The thought came to me one evening when I lived in Maine and went to visit a friend about 45 miles from our home. The visit was to be a birthday celebration, after which we would stay overnight – the latter plan, in part, because the television weather guy had proclaimed a wicked storm would occur whilst we slept.
Enroute to Roger and Judy’s home, we stopped at the Shop’n’Save to pick up ingredients for the cake to be made for the occasion. The store parking lot was full. Inside, customers competed for supplies: water, milk, beer and other staples to tide them over for the impending snowy onslaught.
The weather guy – let’s call him Mike – was a recent import from Texas, and fresh from being officially certified as a meteorologist. In that time, snow was not a word that came immediately to mind when one thought of the Lone Star State.
The newly minted forecaster would look at his computer indicating a three-inch snowfall, and become all a-lather. His viewers picked up on the excitement and headed for the grocery store.
That night, the approaching storm became stalled against the mountains west of us, and next morning the roofs and roads were clear. On the car radio as we went home that evening, the same weather-caster explained about the stalled front, and promised it would show up only one day late.
At the aforementioned Shop’n’Save, the parking lot was full. Inside, customers competed for supplies: water, milk, beer and other staples to tide them over for the impending snowy onslaught.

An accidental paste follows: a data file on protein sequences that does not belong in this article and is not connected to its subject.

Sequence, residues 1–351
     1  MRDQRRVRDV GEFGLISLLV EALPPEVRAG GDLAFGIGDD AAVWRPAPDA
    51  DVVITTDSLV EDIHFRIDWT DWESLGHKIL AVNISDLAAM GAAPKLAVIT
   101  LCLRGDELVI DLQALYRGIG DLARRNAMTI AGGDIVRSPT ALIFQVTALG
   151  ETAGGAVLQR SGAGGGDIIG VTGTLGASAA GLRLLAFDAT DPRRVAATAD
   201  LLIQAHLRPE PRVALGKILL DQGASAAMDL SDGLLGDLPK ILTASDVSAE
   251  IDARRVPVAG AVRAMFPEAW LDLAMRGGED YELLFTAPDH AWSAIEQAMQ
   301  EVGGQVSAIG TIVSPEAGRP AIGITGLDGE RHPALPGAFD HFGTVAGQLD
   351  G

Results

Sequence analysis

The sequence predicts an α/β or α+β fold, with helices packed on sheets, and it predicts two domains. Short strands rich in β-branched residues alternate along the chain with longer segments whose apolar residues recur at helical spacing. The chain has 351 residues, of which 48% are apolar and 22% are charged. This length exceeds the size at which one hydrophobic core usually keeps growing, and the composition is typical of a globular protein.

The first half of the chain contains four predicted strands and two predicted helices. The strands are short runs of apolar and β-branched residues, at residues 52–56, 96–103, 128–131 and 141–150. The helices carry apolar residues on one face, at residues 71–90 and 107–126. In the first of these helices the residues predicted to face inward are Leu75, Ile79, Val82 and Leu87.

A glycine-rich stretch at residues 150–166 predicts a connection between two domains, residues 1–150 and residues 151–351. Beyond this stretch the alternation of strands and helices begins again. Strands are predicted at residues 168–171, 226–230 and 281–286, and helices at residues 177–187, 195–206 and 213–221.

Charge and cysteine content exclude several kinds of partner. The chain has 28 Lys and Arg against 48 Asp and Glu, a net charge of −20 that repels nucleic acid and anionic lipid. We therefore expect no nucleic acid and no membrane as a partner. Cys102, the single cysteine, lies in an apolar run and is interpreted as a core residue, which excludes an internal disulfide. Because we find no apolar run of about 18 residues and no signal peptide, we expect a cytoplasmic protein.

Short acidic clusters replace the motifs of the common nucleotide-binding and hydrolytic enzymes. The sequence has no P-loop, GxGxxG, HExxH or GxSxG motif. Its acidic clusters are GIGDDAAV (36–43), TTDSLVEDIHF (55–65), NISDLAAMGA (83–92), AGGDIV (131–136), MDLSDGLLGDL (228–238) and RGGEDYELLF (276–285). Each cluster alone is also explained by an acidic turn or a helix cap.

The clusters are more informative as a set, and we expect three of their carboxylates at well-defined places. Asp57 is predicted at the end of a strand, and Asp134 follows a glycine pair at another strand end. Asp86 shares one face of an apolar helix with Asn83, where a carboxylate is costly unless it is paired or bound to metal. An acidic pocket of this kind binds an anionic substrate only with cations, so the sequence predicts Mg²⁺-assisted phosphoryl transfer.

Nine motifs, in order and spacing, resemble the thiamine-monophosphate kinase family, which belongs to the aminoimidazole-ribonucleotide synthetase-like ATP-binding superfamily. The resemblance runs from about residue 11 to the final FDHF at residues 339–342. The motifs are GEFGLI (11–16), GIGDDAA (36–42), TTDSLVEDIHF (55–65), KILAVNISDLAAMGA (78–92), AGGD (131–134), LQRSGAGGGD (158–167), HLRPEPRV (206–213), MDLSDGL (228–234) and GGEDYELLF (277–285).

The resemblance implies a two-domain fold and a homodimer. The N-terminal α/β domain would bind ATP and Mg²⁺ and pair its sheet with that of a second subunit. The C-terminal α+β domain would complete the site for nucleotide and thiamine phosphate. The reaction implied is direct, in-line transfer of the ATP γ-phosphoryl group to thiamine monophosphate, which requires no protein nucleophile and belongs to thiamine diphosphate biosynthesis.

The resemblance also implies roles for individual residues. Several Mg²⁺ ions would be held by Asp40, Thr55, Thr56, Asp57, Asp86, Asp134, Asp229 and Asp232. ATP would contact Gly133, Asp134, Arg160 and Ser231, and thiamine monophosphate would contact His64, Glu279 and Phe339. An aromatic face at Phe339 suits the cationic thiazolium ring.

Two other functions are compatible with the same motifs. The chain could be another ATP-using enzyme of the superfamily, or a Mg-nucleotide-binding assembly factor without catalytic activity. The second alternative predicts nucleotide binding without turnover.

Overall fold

But wait! What did they do, we wondered, with the provisions they had gathered only the night before?
A friend sent me a picture recently, of a Jeep far above the tree line in the Colorado Rockies. I am standing beside the four-wheeler, looking at the top of a snowdrift through which the road had been cut. We would have had to stack another Jeep on the first one, then stand on that to see over the drift.
That was the end of April.
On the other hand, we awoke one morning in Norfolk, Va., to discover three inches of the white stuff had been deposited across the land. A telephone call from work informed me the office was closed for at least the day.
“Ah!” my adventuresome partner and I thought collectively. “A little snow cannot keep us housebound.”
Alas, the mall, and everything else, was closed for the next three days.
And there was The Blizzard of 1980, when people went to the circus in Norfolk. Snow began to fall while patrons laughed at the clowns and ooohed at the tigers, and when the show was over, snow was a foot deep and still falling; it would double by morning. Everyone stayed the night at the circus.
I had gone to Tennessee for the weekend, and returned to find a Greyhound bus turned sideways across a median, an ambulance buried in a drift on someone’s lawn, and the National Guard clearing roads with very large bulldozers.
In March 2003, my home county in south central Pennsylvania, where the expectation for snow is more like Norfolk than Maine, three days of successive storms left the area digging out for more than a week.
The definition of winter storm, it seems, depends on whether one is from Texas, Maine or, as the evening news lately reports, Minnesota.
As for me and my snowthrower, we’re not from Texas. Bring it on, Winter. Let’s see what you’ve got.